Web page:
They are seen once more at the end of the film, where they have some kind of alien glow-in-the-dark tentacle sex, then plod off again. No, I’m really not making this up. So when it becomes clear that we are supposed to feel sorry for the aliens, to marvel at their beauty and to reflect that they are just, like us, trying to get on with their lives, it all falls a bit flat. I don’t really give a damn about the monsters, except for hoping that they’re going to eat the main characters before the end of the film (no such luck).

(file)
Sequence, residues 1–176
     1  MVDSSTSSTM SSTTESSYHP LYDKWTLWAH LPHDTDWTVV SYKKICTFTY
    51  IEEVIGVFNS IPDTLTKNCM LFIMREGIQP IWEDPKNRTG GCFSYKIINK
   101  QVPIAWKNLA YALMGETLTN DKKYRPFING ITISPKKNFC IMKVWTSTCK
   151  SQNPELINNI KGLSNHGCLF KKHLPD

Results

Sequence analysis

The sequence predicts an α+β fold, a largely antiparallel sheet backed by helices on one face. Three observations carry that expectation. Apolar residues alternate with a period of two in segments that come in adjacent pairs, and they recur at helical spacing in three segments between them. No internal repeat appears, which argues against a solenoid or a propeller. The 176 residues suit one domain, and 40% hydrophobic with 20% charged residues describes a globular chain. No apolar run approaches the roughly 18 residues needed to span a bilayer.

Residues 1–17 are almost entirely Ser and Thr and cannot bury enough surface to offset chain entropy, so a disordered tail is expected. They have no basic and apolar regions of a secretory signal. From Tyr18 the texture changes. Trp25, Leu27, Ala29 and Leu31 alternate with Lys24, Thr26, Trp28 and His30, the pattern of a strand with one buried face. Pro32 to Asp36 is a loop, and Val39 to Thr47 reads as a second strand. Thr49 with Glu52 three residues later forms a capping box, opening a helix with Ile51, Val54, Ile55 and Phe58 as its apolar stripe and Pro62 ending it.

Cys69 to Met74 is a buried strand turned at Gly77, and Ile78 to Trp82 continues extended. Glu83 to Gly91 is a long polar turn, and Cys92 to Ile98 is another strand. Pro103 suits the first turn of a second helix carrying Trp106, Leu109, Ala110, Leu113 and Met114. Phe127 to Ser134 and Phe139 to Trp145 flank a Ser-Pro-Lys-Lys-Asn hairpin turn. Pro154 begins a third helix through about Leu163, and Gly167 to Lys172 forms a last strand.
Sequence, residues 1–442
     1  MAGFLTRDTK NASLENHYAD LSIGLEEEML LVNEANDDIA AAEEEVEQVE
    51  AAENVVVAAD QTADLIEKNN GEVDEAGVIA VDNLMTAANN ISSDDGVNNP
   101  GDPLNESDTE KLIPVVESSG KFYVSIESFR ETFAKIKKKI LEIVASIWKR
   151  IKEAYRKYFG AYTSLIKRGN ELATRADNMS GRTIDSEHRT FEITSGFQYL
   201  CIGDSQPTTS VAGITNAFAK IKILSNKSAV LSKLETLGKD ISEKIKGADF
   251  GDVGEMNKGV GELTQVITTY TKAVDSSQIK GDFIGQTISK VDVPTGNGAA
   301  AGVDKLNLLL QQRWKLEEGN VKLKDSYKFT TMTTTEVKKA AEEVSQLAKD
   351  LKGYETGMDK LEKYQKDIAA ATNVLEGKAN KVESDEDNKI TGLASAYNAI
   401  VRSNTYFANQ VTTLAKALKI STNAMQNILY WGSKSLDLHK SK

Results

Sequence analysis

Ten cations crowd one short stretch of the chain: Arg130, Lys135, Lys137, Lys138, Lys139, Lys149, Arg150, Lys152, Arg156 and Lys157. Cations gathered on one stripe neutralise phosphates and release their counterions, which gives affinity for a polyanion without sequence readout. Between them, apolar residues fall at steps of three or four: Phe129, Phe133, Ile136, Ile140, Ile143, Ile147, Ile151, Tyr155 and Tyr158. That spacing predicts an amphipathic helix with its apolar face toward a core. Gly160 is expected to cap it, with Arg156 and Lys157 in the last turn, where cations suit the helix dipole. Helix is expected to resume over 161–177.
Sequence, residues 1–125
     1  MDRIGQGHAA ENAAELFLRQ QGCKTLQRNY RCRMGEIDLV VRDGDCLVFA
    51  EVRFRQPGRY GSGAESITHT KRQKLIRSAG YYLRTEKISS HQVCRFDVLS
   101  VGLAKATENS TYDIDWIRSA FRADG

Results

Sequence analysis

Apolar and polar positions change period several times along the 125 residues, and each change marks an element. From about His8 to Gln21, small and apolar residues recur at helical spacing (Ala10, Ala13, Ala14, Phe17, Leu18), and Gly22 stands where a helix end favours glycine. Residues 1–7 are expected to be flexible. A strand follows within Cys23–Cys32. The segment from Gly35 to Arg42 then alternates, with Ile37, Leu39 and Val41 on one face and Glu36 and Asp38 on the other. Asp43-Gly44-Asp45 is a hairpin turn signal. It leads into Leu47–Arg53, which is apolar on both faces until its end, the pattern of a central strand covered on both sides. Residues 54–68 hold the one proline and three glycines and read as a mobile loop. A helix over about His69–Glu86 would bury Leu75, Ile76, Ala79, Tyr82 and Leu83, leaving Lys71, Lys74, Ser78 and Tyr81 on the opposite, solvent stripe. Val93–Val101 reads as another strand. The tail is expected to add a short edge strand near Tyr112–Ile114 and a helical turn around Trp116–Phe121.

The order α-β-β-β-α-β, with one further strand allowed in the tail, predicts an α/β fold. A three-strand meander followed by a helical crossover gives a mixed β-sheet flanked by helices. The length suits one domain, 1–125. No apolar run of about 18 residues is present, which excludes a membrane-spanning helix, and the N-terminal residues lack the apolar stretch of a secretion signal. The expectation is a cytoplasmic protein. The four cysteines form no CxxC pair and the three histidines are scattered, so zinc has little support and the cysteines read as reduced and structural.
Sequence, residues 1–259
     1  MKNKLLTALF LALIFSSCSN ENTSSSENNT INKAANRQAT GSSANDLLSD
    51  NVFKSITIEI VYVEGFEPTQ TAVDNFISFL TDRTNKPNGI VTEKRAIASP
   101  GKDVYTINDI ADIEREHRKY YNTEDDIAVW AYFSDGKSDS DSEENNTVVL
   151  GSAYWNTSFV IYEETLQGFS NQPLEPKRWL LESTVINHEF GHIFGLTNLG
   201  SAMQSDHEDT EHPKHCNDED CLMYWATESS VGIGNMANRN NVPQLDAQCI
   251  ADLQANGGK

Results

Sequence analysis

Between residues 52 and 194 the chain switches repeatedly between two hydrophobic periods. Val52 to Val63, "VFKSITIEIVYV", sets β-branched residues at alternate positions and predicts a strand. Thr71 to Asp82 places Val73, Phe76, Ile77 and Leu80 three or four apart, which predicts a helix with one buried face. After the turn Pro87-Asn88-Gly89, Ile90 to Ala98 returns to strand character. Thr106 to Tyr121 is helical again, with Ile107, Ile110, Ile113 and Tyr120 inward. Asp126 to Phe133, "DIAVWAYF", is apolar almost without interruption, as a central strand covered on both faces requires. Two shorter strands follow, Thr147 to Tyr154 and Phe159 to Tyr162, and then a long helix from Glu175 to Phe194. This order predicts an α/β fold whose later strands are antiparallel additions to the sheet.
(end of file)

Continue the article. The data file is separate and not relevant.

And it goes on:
You can tell what this film wanted to be. It wanted to be a touching and unusual love story, as well as a moral tale about humanity’s tendency to consider anything different a ‘monster.’ It also desperately wanted to be an analogy for how Americans treat Mexicans. I could have liked this if it had been done well. I really enjoyed District 9, which does pretty much the same kind of thing, using the aliens to create an analogy for apartheid. And no, I don’t need my films to be full of explosions or directed by Micahel Bay to enjoy them. I’m also not a fourteen year old boy. These seem to be the main insults directed at people who didn’t like Monsters. But really, how can anyone like this? It fails miserably. The romance is boring and unbelievable. The characters could literally be blocks of wood and I would like them better. The monsters are huge octopuses that plod around killing people – so why would I not consider them to be a bad thing? Am I supposed to feel bad that the military is trying to kill them? I guess if we just left them alone then they wouldn’t bother us either, right? Except that they seem to enjoy coming out of the Infected Zone and smashing innocent people’s homes, and there are even two octopuses plodding around on the other side of the giant wall, smashing things in the USA too. Why should I feel sorry for them? Because they have glow-in-the-dark sex? I’m genuinely baffled as to what the director and writers were thinking.